One Wheel Injuries

  • After 500+ miles on my one wheel I am calling it quits. In the past 3-4 years or so of riding, I have broken my arm, a couple of ribs and more recently found that my board regularly malfunctions and nose dives, always when I am pushing the limits on speed. I also feel they definitely throttled the older models speeds after releasing the newer models. I used to push 20+ no problems. New model comes out and I cannot exceed 16 mph....similar to the lawsuits Apple is in court with for throttling the speed of older models of their phones. I am an quite experienced at riding on any type of surface but this thing is no longer reliable or safe. If you own a onewheel injuries are inevitable. A man died this year when his device malfunctioned causing him to nosedive and device turned off (exact issue I had for last 2 injuries). Onewheels are unpredictable with age and have proven again and again to malfunction and nose dive. I used to love my onewheel but it is simply not safe unless you go slow and ride on soft surfaces with the expectation that at some point the device is going to malfunction and send you flying face first into the ground.

  • @ddrake5
    Hope you are not injured that bad from the last ground contact. I got lucky on my last dirt trail ride after some tree root wobble and landing on my good elbow (broke the other one in feb 2020 after hitting a pothole). Elbow pads saved me...

  • @ddrake5 Sorry to hear about your injuries and that you feel you can no longer ride. I went down at 21 mph on my + at around 600 miles. Fully padded up and still had scrapes and bruises all over my body. At the time I was asking @Future-Motion for a speed limit warning in the app, but that's never happened. Anyway, since then, I've been wearing a watch running the OW app connected to my phone so I can check battery and speed at any time. I now keep my max speed around 16/17 (even lower when the battery gets below 30%). I'm a mostly pavement, some gravel trails rider. I now have almost 6,000 miles on OWs and haven't had another major get off since then. You have to really be in tune with your board and "listen" to the feedback. When my XR battery flaked out, around 1900 miles on the board, it pushed back at 57% and I immediately stopped. Went another half a block and it did it again. Stopped and called an Uber. Sent it in to @Future-Motion for a new battery.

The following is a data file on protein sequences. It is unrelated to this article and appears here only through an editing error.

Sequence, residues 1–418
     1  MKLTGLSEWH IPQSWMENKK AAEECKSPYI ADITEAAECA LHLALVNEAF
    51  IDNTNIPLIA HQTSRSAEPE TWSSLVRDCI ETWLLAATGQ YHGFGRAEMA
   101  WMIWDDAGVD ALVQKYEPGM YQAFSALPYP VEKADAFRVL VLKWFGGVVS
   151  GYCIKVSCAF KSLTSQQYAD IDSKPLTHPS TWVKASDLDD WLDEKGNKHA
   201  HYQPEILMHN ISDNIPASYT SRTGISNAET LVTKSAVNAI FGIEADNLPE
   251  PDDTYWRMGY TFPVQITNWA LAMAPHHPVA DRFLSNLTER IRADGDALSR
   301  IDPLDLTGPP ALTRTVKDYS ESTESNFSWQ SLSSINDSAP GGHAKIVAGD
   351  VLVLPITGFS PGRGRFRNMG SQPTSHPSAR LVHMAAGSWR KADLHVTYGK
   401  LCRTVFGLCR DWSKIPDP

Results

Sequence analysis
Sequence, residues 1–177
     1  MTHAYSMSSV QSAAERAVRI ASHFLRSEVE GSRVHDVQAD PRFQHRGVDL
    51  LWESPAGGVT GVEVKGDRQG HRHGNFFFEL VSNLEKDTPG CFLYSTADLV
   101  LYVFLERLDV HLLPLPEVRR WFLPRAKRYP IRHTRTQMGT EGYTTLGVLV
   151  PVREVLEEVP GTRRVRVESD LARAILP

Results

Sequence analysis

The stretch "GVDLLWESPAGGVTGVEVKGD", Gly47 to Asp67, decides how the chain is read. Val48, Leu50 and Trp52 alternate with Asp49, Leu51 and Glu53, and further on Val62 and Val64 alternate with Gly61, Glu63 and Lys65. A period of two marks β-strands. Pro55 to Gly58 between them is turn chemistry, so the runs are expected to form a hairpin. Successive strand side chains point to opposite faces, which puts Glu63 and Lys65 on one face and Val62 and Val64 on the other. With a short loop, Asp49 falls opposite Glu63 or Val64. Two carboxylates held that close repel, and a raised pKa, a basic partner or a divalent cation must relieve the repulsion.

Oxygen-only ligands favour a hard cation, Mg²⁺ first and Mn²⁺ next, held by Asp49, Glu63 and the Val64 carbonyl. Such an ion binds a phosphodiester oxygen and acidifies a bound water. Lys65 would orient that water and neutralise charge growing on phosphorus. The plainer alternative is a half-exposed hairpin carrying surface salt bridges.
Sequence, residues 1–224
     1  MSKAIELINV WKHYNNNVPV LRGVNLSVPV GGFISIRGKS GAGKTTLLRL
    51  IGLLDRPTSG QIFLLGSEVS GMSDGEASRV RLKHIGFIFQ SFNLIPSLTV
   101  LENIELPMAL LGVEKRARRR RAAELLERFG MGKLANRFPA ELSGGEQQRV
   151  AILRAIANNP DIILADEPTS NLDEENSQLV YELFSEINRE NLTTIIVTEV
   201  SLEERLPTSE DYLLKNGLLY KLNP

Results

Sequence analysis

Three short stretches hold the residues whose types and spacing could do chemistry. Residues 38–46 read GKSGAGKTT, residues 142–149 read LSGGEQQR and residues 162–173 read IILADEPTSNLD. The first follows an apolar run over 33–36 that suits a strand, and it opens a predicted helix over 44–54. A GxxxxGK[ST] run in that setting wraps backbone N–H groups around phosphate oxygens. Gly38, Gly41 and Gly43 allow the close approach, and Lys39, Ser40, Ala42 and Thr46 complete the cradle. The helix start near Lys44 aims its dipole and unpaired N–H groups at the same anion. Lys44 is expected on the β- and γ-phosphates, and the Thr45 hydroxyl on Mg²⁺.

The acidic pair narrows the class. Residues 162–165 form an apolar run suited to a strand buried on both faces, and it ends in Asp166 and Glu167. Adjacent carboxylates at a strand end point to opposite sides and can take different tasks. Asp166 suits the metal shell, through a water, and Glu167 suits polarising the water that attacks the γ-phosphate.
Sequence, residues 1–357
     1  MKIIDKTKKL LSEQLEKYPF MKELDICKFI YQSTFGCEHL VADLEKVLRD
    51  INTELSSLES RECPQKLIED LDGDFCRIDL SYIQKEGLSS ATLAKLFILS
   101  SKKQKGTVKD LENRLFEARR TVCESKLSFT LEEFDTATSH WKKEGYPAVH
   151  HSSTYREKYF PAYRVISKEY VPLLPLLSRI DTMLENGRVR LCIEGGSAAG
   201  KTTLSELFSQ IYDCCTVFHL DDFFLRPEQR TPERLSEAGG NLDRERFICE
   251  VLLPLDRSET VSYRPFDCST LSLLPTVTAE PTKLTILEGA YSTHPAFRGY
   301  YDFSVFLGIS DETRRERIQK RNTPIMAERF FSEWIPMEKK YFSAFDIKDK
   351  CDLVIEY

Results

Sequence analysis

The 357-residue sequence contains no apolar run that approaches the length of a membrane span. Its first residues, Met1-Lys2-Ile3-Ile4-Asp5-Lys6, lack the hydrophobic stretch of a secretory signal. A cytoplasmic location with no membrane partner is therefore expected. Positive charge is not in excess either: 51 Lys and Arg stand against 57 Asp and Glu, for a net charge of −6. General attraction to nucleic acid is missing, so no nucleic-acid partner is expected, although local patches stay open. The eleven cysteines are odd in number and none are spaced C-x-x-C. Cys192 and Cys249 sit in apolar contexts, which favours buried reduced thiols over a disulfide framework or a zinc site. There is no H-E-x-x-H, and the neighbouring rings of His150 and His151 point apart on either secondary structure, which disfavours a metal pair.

Anyway, I realize it could throw me at any minute, but keeping my speed down and trying to be careful, I'm hoping I just get banged up a bit if it tosses me. I also ride a motorcycle (not off road or anything) and realize that one wrong move or crazy driver hitting me would be the end, so you have to choose what you're willing to risk for the rewards of having fun.

    Good luck and hope you find another, safer, activity to indulge in.

  • @OneDan yeah, I snowboard, dirt-bike, surf etc., and for sure one wrong move can get you injured but I’ve found that my Onewheel is far too unpredictable vs. other sports I partake in. There was no kick back, no low battery warnings, nothing at my last 2 injuries. I just don’t feel that they are reliably safe devices and we’ll see how their wrongful death lawsuit plays out. The man who died fell in the exact situation I described...turn off nose dive with no warning. At least when I’m boarding I can shift and correct mistakes, Onewheel just tosses you through the air like a rag doll.

  • @LidPhones I spent 2 days in the hospital after the last accident but thankfully nothing broken...just a bad concussion that needed observation level of care.

  • Curious if you ever tried fangs? I know they saved me a few times... After having a few nosedives (on grass luckily), I've come to be a lot more careful with the thing. Especially on pavement I try to carve rather than straightline, and don't exceed 16 miles on pavement for sure... Got about 750 miles on my pint and 100 miles on the xr.

  • @ddrake5
    Glad to hear you are healthy. Take care on your future endeavors....

  • @ddrake5 said in One Wheel Injuries:

    The man who died fell in the exact situation I described...turn off nose dive with no warning

    Do you have a link? When this item was first reported I was looking for more detail, but there isn't a lot.

    Since the guy died, I strongly suspect we don't know if there was a warning, or if the board was on or off. I also tend to suspect he probably wasn't wearing a helmet. I'd also like to know things like how fast was he going, how much experience did he have, etc.

    I'm sorry he was killed and I'm sorry for his family, but I'd wait a little longer before assuming that his case proves the devices are unacceptably unsafe. They clearly carry risk, and a malfunction in motion is nearly always going to be a bad time, but the fact remains that most nosedives are a result of rider error.

  • @ddrake5

    What kind of safety gear were you wearing when you were injured?

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